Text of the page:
13) Prehistoric Quarries in the Blue Ridge and Ridge and Valleyof Virginia: Lithics at the Local Level

Michael B. Barber, GeorgeWashington and Jefferson National Forest

Abstract: The USDA-Forest Service has managed culturalresources within the George Washington & Jefferson National Forestsfor more than 20 years. Due to the mountainous nature of Forest Servicemanagement, most resources are procurement encampments of one sort or anotherwhether for subsistence or lithic exploitation. While certain resourcesare ubiquitous in nature, such as the Erwin/Antietam quartzites, othersincluding jasper, Mount Rogers rhyolite, and ferruginous quartzites arenot so widespread. Nor due these material appear to be sought after ona regional scale. As such, the distribution of these materials may lendinsight into settlement patterning, particularly during the Archaic period,as well as some indication of territorial parameters. 

This paper will use data based on Phase I surveys,Phase II evaluations, and the site form information housed at the VirginiaDepartment of Historic Resources. Using these sources of varied levelsof acuity, an overall prediction of material bounds, territory size, andregional scaling will be examined.

 

14) A Reevaluation of Quartz and Silicate Raw Material AcquisitionAlong the South Atlantic Slope: Going Beyond the Economics of Expediency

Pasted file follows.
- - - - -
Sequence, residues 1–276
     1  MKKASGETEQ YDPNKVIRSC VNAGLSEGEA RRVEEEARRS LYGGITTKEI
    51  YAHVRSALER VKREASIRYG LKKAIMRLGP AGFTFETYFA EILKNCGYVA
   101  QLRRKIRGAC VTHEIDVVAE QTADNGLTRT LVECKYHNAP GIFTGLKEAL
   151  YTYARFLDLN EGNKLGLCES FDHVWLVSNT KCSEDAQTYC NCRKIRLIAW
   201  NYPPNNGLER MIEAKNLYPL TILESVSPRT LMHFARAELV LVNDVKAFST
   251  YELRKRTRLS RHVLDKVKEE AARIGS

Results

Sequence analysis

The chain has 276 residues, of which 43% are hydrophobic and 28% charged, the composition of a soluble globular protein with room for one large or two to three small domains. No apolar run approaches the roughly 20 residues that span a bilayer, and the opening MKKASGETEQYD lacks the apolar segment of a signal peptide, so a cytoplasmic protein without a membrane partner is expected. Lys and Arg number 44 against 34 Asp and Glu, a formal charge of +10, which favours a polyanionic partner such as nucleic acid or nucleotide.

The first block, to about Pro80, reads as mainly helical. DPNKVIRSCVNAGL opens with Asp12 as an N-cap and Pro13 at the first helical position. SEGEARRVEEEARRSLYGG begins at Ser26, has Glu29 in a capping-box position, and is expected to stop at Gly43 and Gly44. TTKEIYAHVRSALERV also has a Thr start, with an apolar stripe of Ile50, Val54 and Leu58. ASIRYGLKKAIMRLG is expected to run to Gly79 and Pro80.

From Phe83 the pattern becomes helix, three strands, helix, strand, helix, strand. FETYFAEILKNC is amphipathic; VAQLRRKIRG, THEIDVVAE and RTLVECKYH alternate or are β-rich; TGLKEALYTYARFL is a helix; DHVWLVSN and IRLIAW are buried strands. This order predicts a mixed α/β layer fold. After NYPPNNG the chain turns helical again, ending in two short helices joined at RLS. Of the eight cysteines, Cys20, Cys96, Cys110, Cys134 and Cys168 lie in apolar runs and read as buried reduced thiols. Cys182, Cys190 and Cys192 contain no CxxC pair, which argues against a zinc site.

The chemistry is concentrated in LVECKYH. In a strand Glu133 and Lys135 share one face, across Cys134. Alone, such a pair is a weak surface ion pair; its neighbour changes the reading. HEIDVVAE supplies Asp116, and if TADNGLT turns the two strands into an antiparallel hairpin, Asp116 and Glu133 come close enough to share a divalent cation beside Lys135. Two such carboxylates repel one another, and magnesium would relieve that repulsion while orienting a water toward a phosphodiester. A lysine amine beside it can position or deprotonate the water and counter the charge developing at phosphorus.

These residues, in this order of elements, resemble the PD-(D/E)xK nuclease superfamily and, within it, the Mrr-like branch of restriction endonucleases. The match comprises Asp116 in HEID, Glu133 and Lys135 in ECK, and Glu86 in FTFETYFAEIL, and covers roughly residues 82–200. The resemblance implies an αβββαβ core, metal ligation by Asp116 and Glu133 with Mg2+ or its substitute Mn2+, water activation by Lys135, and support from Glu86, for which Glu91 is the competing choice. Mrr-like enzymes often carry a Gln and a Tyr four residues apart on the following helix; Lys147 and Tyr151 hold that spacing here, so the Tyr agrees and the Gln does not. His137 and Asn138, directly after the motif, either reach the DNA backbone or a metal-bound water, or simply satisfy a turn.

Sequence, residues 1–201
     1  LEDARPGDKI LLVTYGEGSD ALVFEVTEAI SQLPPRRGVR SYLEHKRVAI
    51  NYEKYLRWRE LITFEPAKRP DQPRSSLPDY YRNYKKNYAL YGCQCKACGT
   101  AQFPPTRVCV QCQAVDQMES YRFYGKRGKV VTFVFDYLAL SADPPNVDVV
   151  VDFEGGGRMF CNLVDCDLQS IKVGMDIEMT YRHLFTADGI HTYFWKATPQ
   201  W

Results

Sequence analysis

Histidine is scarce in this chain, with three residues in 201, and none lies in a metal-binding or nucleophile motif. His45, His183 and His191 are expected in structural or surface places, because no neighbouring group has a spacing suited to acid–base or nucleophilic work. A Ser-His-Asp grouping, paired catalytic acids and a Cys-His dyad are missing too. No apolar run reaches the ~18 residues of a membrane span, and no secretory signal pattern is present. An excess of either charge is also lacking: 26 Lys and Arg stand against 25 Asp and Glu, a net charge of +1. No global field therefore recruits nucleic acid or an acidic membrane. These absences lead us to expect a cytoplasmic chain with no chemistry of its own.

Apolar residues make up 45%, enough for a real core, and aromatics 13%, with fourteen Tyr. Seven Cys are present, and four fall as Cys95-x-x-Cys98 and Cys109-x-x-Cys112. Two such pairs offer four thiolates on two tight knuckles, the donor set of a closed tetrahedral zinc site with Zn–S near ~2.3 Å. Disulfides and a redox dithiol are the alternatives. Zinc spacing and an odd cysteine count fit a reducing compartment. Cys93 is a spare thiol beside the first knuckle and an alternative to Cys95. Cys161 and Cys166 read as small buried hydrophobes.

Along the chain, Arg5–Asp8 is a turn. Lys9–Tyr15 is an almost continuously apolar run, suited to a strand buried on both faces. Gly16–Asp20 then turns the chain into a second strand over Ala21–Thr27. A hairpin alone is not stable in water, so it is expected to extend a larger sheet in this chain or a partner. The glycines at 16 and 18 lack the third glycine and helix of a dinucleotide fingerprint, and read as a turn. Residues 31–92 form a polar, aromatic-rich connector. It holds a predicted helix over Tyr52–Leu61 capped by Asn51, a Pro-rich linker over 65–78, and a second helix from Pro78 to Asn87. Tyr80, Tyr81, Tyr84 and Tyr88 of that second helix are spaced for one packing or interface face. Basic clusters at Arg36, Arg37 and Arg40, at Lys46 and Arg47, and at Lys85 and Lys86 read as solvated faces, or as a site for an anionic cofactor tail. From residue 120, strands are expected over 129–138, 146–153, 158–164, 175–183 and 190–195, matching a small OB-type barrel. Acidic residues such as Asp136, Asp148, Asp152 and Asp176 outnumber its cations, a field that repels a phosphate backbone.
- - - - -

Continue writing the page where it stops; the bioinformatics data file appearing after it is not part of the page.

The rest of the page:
Lawrence Abbott,Chuck Cantley, New South Associates, Inc.

Scott Jones, University of Georgia

Abstract: The acquisition of quartz as a lithic raw material alongthe South Atlantic slope has been interpreted by many as a function ofexpediency. In addition, it has been generally accepted that most silicatesare “exotic” materials imported from unknown points elsewhere. Recent researchsuggests that in many cases quartz was not an expedientresource and manysilicates were locally acquired rather than imported. This paper will reviewthe information available on the acquisition of quartz and silicates alongthe South Atlantic Slope from southern Virginia to Georgia. Included willbe a discussion of the geologic processes involved in the formation ofthese raw materials and the implicatiojns regarding their functions withincertain prehistoric economies. Suggestions will be made regarding the naturaldistribution of these resources across the landscape and the prehistoricactivities associated with the location and use of these materials.

 

15) Discussant - PhilipLaPorta, CUNY Graduate Center